Currently, Rella Christensen, RDH, PhD, leads TRAC Research, which is part of the nonprofit educational Clinicians Report Foundation, an organization she co-founded and directed for 27 years. TRAC Research is devoted to oral microbiology, minimally invasive dentistry, and dental restoratives research. Throughout her career, Christensen’s work has focused on the development of practice-based controlled clinical protocols to monitor treatments and outcomes as they occur in actual clinical dental offices. A practicing dental hygienist for 25 years, she also worked as a laboratory technician fabricating cast gold and ceramic restorations, in addition to founding and directing the Expanded Function Dental Hygiene Program at the University of Colorado School of Dentistry in Aurora. Earning a PhD in physiology with an emphasis on microbiology from Brigham Young University in Provo, Utah, Christensen also completed post-graduate training at Virginia Polytechnic Institute and State University in Blacksburg under the W.E.C. Moore team, noted pioneers in anaerobic microbiology. She has taught at the undergraduate and post-graduate levels, authored many research abstracts and reports, and received numerous honors.
QWhich research topic has most fascinated you and why?
AAlthough my teams and I have had the opportunity to delve deeply into many different topics of high relevance to dental clinicians over my many years in practice-based product and technique research, for me, oral microbiology has been the most fascinating. I am appalled at the incredible concentrations of the microbes we are finding in saliva, dental caries lesions, and periodontal pockets. We have developed techniques that allow us not only to quantify the organisms present, but also to identify them by genus and species, and map their locations. This work has helped me gain new insights into why some treatments we render as clinicians sound logical but do not result in successful outcomes. It turns out that microbes are far more numerous, resilient, and sophisticated than we were all taught.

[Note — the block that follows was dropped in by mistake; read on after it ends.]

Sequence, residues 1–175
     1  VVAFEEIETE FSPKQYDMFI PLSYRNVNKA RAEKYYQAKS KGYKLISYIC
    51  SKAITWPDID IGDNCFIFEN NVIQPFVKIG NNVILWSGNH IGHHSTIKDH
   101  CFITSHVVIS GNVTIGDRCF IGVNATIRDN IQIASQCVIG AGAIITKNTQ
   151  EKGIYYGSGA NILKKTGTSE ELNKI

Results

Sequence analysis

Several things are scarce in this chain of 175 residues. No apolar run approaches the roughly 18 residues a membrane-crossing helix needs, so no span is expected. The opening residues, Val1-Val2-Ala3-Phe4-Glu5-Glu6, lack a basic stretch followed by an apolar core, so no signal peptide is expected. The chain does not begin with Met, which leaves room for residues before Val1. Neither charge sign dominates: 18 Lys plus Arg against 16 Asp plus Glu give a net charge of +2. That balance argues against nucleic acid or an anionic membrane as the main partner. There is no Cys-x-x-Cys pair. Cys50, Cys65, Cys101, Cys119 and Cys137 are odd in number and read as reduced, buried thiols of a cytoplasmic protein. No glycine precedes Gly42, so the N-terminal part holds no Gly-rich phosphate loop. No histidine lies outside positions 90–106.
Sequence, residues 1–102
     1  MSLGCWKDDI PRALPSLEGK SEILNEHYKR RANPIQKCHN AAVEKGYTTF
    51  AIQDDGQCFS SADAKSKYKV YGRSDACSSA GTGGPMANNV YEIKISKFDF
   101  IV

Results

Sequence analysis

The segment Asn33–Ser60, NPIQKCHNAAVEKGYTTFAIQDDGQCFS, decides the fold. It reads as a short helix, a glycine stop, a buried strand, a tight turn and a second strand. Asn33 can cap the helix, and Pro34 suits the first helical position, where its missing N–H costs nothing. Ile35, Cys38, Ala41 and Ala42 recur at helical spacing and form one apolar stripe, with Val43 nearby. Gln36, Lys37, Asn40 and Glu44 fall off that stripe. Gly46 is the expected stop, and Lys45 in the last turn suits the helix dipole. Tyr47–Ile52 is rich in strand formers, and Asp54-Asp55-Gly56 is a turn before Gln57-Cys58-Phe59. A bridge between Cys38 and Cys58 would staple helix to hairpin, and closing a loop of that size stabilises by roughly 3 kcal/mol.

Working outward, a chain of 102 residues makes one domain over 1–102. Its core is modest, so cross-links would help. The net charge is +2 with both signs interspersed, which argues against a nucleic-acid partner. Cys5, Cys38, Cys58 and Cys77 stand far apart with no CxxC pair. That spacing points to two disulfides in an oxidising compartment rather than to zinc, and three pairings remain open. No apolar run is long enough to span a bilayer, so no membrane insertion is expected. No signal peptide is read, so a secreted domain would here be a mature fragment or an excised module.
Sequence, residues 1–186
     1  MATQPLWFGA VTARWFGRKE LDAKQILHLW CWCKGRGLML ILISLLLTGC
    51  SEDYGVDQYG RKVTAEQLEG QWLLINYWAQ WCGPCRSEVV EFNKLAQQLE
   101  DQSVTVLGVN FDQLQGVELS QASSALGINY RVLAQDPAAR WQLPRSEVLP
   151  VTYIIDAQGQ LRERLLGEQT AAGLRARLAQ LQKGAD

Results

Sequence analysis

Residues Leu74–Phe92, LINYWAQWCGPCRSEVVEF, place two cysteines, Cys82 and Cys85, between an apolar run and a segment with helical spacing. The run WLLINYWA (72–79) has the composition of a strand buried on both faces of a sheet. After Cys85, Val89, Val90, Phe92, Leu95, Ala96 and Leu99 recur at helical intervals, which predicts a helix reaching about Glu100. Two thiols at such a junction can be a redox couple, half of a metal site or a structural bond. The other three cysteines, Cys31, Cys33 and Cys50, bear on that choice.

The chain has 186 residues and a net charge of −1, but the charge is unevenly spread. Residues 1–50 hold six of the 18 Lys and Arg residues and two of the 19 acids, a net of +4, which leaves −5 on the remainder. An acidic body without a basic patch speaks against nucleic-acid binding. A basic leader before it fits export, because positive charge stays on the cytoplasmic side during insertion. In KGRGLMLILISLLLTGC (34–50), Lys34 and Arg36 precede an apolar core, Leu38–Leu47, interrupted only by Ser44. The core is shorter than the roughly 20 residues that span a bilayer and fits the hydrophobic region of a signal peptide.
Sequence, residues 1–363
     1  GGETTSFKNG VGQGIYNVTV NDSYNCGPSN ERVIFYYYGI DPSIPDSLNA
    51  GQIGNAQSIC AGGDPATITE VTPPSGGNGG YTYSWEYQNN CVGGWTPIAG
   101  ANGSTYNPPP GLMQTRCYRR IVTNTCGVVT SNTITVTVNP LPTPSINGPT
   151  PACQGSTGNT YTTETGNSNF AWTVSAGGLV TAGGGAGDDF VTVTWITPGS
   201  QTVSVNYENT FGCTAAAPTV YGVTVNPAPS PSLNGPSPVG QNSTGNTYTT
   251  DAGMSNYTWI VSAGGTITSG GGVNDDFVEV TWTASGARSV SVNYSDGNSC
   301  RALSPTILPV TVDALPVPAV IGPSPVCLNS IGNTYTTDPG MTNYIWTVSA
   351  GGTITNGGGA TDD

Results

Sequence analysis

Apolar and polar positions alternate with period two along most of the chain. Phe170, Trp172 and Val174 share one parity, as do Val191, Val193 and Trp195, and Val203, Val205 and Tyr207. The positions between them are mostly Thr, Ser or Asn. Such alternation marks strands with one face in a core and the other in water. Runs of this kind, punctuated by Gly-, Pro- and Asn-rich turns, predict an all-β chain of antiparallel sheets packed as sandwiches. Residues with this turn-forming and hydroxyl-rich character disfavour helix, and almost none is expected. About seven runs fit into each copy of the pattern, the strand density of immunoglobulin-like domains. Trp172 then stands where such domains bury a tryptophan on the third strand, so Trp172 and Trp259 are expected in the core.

In our work, we see the incredible abilities of the microbes to insure their survival. They communicate with each other, they move back and forth between aerobic and anaerobic pathways, they develop ways to evade our chemicals, and they have an unbelievable capacity to increase their numbers rapidly over short periods of time. Because their size renders them invisible to our eyes, we like to think we have eliminated them. I am sure we have all wondered why the pathologies we have worked so hard to treat sometimes improve, but do not resolve. We wonder why we end up managing diseases, but we can seldom claim a cure. I believe future microbe research will reveal answers to these dilemmas.
I believe dental hygienists are uniquely positioned to be at the clinical forefront of oral microbiology in the future. Everything we thought we knew about microbes is changing. Molecular biology techniques are changing the microbes themselves, as well as using microbes to edit parts of the human genome that code for pathologies. To me, this is indeed most fascinating!